These are difficult days. We are a country in lockdown and schools and universities are being called on to teach remotely so that students can finish the 2020 academic year. Online teaching, however, in the most unequal country in the world, is highly problematic, writes the University of Cape Town’s (UCT) Associate Professor Joanne Hardman.
In an article published on April 9, Professor Jonathan Jansen makes an ethical argument for why teaching online is a problem in the South African context and proposes scrapping the academic year. I do not rehearse his cogent arguments here except to underline his point that 80% of schools are disadvantaged. Most schoolchildren do not have devices or connectivity, making this online move yet another step in widening the gap between the advantaged and the disadvantaged.
My article is not about the ethics of online teaching and learning, but rather, deals with the pedagogical implications of teaching “through” versus “with” technology.
Information and communication technologies (ICTs) are tools that can be used very well, provided they are underpinned by what is referred to as a constructivist pedagogy. The research is clear: it is how the tool is used by a competent teacher that determines the outcomes. A constructivist pedagogy assumes that children are active learners who, together with the teacher, can construct knowledge. An iPad, for example, is a tool much like a pen is a tool. In the early 20th century when pens replaced chalkboards and styluses, there was a huge outcry about how this novel tool would adversely affect children.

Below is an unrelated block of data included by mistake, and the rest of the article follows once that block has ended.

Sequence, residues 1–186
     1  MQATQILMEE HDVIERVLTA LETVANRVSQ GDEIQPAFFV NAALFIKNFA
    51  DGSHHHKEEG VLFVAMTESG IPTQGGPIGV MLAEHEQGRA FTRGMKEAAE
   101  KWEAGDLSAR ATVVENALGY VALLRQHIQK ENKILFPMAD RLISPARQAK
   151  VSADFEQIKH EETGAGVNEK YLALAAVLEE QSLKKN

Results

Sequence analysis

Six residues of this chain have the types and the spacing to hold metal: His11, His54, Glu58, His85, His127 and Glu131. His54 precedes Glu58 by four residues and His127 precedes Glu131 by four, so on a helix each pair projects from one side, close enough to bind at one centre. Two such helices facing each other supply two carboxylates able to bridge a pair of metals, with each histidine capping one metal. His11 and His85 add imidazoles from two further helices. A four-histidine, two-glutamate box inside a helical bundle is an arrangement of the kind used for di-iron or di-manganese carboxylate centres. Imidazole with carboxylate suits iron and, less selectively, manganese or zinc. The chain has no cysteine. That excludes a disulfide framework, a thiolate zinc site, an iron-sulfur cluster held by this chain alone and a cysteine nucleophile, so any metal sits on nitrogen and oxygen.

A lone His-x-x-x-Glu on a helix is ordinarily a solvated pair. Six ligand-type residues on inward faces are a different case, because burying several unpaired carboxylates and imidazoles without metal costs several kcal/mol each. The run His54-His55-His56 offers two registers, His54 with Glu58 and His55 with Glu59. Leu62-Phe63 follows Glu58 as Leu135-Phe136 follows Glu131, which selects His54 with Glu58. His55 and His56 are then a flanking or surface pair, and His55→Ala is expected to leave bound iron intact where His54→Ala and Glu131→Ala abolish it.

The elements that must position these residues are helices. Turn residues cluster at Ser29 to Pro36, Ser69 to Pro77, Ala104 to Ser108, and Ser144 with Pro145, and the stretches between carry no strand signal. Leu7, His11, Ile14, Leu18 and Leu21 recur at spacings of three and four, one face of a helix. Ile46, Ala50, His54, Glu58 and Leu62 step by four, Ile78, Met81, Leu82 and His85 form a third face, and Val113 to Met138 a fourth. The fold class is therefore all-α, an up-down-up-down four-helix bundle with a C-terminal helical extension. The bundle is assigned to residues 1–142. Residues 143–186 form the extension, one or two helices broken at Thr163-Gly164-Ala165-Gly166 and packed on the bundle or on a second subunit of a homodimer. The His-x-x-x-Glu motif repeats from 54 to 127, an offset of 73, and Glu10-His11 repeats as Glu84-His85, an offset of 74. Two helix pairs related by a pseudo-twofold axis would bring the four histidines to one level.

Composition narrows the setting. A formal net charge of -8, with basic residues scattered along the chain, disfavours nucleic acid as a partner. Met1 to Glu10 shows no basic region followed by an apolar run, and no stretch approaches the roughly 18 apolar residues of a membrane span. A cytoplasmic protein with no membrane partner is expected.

Did the pen change children cognitively? Undoubtedly, yes. We no longer must remember things orally but can write them down, leaving cognitive space for other things. The pen alone does nothing to alter a child cognitively. Technological devices, also, cannot on their own alter a child cognitively. There is a body of evidence to show that ICTs have a positive effect on, for example, mathematical gains in primary schools, but this depends entirely on how the ICTs are used pedagogically, where pedagogy refers to the dialogical interaction opened between teacher and taught. It is in the social space opened by communicative interaction that understanding and conceptual development can happen. A pen carries with it no concepts; neither does any ICT.
If schooling is about anything, it must be about the development of cognitive functioning. This requires face to face pedagogy. I am unaware of any research suggesting that teaching through technology (as opposed to with technology) can promote cognitive development. So, pedagogically, this online move is not likely to lead to learning in any meaningful way, which starkly brings into question why this move has been made. Moreover, the practicalities of online teaching are hard to navigate, even for those who have significant privilege.
I am well educated, I have three devices in my house, and I am fairly competent at using them. I’m privileged enough to have a space to work with my daughter who, in grade 4, has begun online schooling. Grade 4 is an interesting age; at 10 children have not yet developed the ability to fully self-regulate or think in abstract ways. They require concrete examples of the concepts they will acquire over time.
My child is at a good former Model C school and the teachers are doing their best to interact with the children online. Unfortunately, cognitively, children below the age of 13 or 14 are unable to grasp abstract concepts in the absence of concrete examples. Worksheets, placed on Google Classroom, are not concrete examples.